Study Guide

Helena in A Midsummer Night's Dream

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Shakespeare introduces Helena to us as the character that nobody loves. She also has the most time to philosophize on the nature of love, maybe because she's not too busy actually being loved by anybody. Unlike Lysander, who speaks majestically of love (but in the specific contexts of history and poetry), Helena is prone to generalized statements. She dismisses love as a foolish child, but she isn't as delightful a character as As You Like It's Rosalind (who thinks the same thing). Why? Because love makes Helena a fool. It's hard to be sympathetic to her when she's so busy being self-pitying all the time.

Within the spectrum of lovers, Helena is the best representative of unrequited love. People who are in love might be fools (as witnessed by the other three youths), but people who are kept out of love are another brand of foolish.

In the play, even when Demetrius and Lysander both fall for Helena, she can't believe them. It seems Helena has spent so much time rationalizing why she isn't loved that, when the thing comes along (real or not), she can't embrace it and enjoy it for what it is. She becomes even more self-pitying when she believes that she has gone from a loner to a joke. Even at the end of the play, when Demetrius still loves her, Helena is skeptical.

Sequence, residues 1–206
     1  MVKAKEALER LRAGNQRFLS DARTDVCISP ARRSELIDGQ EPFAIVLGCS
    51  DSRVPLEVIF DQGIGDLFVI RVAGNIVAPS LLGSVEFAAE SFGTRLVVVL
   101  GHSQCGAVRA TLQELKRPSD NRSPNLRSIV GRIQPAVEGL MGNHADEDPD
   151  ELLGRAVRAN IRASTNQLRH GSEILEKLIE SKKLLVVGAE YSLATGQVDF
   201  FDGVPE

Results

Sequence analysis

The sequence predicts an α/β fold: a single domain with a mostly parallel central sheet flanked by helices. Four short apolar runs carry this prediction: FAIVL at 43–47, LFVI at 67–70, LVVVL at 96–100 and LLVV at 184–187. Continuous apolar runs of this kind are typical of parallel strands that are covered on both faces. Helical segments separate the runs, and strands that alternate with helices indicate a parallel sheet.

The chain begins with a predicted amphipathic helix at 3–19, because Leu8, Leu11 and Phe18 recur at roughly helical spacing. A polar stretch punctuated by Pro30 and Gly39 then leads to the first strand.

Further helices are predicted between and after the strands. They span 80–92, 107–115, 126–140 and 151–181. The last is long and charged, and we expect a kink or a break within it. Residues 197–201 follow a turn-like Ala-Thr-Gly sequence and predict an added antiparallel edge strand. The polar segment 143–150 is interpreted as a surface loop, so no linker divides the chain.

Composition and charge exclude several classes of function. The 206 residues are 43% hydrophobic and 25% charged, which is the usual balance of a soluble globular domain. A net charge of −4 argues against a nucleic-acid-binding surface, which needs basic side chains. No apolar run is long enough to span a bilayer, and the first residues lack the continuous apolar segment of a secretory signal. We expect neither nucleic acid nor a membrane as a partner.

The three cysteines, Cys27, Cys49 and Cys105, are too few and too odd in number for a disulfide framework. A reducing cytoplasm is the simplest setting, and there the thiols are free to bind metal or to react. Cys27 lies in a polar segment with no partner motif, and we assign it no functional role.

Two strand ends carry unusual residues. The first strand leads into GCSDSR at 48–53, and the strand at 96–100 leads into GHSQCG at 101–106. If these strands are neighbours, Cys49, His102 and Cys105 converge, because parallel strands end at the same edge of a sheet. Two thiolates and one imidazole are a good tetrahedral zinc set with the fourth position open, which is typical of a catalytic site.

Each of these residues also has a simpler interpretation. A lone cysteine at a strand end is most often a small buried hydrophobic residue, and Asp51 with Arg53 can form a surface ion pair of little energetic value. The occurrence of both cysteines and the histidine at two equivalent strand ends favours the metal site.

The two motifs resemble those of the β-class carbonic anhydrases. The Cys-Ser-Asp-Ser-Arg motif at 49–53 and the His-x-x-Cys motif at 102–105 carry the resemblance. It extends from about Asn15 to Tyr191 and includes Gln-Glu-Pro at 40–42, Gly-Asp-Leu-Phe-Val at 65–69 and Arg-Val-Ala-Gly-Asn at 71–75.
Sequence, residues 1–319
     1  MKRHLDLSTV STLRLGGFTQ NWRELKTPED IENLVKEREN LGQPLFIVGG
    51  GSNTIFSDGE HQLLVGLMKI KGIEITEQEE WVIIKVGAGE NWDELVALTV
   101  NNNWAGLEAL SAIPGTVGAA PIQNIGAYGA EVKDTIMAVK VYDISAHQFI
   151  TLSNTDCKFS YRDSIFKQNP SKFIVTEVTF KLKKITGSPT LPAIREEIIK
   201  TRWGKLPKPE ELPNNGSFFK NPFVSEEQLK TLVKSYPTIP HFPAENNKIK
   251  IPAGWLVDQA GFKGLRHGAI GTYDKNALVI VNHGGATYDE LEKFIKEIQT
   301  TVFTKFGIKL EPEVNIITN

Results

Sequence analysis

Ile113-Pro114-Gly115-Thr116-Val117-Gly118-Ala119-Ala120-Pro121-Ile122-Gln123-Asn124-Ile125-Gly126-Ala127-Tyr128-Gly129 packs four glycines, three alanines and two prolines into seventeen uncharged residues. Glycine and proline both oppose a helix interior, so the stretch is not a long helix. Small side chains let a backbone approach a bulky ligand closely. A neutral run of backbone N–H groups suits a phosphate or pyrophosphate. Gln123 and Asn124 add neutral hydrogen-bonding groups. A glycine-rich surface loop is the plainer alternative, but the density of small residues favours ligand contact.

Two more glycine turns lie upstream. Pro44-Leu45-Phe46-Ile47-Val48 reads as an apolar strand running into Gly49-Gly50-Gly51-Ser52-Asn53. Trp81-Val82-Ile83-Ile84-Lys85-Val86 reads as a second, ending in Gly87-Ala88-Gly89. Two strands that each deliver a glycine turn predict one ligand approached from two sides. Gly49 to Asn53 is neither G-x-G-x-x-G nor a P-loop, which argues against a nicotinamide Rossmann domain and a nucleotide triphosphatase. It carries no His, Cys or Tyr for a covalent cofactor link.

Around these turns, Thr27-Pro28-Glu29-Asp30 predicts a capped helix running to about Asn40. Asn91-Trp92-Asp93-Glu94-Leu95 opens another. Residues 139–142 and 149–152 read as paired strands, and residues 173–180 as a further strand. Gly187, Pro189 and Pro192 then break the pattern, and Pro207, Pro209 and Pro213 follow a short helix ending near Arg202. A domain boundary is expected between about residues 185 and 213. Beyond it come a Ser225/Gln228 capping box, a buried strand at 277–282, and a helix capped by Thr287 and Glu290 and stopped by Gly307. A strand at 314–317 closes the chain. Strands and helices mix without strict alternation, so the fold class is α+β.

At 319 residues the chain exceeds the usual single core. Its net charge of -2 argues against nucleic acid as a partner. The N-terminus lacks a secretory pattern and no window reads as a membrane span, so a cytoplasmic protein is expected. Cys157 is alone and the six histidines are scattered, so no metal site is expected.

Helena is Shakespeare's answer to what happens when things get too cerebral and self-indulgent around love—nobody loves a needy whiner. Helena needs to overcome her own insecurities. She should genuinely deal with them, instead of rationalizing them away by assuming she's just inferior to prettier women. Then, she might be able to relax and just enjoy love. There's a lesson for everybody here: Hermia needs to calm down, Lysander needs to toughen up, Demetrius needs to get off his high horse, and Helena needs to accept the confidence that comes with being loved.

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